The Importance of Getting a Good Night’s Sleep

Before the invention of the electric light, people slept when it was dark and got up with the sun. This meant they got differing amounts in summer vs. winter but they got an average of 9 to 10 hours a night.

Now we are lucky to get 7 hours!

Some people even consider it a “badge of honour” to get by on only a few hours sleep.

Sleep is essential for rest and repair. Our body’s systems reset and rebalance while we are asleep. According to Traditional Chinese Medicine, Physical repair is done between 10 pm and 2 am. Psychological repair between 2 am and 6 am. If you like to stay up late, you may be jeopardizing your health!

Symptoms of poor sleep include: difficulty finding words, coming up with ideas, coping with stress; lower mood, irritability, depression, reduced immune function. Do these sound familiar to you? If so, consider making it a priority to change your sleep habits.

7 Steps to Super Sleep

  • Keep the bedroom dark and quiet, at a cooler temperature, and wear comfortable clothing (if any)
  • Manage your stress levels. Take action to reduce the effect of stressful situations. This may mean changing your outlook about what’s happening (practice welcoming these challenges as lessons) or even letting go of some of them!
  • Take time to “wind down” before bedtime – don’t eat or exercise too close, avoid alcohol and caffeine (which decreases melatonin) for at least 3 hours before, avoid anything disturbing or exciting on TV (most shows and certainly the news!)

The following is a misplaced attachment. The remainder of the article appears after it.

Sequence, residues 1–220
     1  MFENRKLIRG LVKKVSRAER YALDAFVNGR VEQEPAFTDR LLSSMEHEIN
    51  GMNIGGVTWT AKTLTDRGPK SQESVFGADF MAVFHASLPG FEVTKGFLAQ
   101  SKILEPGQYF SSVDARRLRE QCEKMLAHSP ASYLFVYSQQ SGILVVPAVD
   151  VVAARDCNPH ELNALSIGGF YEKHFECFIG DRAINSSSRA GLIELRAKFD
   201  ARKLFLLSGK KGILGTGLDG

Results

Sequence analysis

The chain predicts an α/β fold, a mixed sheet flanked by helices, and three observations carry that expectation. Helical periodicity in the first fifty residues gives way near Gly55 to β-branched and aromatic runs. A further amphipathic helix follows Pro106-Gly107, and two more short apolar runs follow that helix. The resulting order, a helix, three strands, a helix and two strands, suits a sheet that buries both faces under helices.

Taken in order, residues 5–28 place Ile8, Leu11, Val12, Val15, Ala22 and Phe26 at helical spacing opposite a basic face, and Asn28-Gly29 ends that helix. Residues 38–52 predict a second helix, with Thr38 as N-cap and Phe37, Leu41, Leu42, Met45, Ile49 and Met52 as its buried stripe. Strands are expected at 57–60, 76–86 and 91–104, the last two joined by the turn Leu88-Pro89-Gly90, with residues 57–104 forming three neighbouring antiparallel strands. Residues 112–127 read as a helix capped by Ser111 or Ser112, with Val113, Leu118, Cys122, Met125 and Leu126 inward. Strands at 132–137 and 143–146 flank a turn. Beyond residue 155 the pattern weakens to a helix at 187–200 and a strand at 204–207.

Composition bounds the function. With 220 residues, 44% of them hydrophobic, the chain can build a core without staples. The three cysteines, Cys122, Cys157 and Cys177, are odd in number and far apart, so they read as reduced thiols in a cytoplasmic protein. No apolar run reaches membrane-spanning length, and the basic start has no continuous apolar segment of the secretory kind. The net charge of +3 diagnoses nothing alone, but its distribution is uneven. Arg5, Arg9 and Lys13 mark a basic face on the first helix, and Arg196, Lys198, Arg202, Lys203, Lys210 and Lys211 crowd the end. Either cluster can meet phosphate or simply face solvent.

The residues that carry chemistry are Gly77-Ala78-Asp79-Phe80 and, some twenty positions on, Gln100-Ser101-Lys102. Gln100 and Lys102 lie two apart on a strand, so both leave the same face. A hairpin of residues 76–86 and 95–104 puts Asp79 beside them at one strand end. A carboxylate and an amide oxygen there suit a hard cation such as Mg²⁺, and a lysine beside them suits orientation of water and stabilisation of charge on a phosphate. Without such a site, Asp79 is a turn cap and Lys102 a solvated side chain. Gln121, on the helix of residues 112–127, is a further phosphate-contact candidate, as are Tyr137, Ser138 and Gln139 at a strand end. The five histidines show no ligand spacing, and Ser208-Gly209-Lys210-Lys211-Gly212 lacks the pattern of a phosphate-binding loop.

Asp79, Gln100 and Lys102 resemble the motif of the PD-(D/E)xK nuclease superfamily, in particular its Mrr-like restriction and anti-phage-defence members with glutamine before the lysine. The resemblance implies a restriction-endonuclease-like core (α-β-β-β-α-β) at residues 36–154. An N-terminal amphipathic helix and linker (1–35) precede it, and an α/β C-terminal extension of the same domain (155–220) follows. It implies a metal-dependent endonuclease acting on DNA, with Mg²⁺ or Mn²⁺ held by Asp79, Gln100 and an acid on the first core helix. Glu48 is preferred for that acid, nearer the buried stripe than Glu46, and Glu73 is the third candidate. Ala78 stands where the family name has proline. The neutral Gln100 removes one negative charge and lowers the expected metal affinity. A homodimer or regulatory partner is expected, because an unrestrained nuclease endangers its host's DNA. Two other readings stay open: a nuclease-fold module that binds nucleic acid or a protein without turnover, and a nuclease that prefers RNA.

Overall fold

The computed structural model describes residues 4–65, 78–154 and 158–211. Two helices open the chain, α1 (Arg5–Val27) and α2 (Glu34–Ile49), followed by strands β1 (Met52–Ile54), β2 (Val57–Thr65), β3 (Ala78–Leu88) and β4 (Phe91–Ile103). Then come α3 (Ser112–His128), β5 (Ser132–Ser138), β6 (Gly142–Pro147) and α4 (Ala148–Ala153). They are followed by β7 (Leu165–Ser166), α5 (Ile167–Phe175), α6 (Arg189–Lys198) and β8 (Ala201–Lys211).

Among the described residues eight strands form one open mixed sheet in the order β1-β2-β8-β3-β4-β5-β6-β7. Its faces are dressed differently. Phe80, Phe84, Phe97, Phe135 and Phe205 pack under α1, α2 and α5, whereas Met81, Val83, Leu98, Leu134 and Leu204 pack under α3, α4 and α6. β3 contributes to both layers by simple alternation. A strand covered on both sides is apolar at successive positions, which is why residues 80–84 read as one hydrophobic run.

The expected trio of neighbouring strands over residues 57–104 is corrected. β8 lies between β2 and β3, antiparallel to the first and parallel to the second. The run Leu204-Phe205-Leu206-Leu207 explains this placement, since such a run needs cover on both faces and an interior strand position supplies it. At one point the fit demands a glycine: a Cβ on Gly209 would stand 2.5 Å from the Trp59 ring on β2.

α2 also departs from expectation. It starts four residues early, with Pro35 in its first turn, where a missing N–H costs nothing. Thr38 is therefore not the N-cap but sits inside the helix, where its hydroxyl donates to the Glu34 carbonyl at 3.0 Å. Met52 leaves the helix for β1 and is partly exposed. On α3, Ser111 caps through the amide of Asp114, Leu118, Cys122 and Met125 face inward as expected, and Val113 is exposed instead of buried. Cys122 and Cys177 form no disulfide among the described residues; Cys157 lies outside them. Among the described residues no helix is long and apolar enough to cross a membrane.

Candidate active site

• Practice meditation or restorative yoga to turn on your Parasympathetic Nervous System
  • Maintain even blood-sugar levels throughout the day through low-Glycemic Load foods and clean nutrition habits
  • Balance your minerals, supplementing with magnesium if needed
  • Balance your sleep neurotransmitters—serotonin and melatonin. If necessary, supplement with 5HTP or melatonin. Melatonin is produced in the light-sensitive pineal gland, in centre of the brain (a.k.a. the “third eye”). Too much light means not enough melatonin, and your sleep will be disturbed. Consider not only wearing an eye mask but also cover your forehead to prevent light from penetrating to your third eye.

Make the effort to introduce new habits over time.  Why not start this week by going to bed 15 minutes earlier and see how much better you’ll feel tomorrow?

A great resource: See T. S. Wiley Lights Out: Sleep, Sugar and Survival

2016-11-02T19:12:41+00:00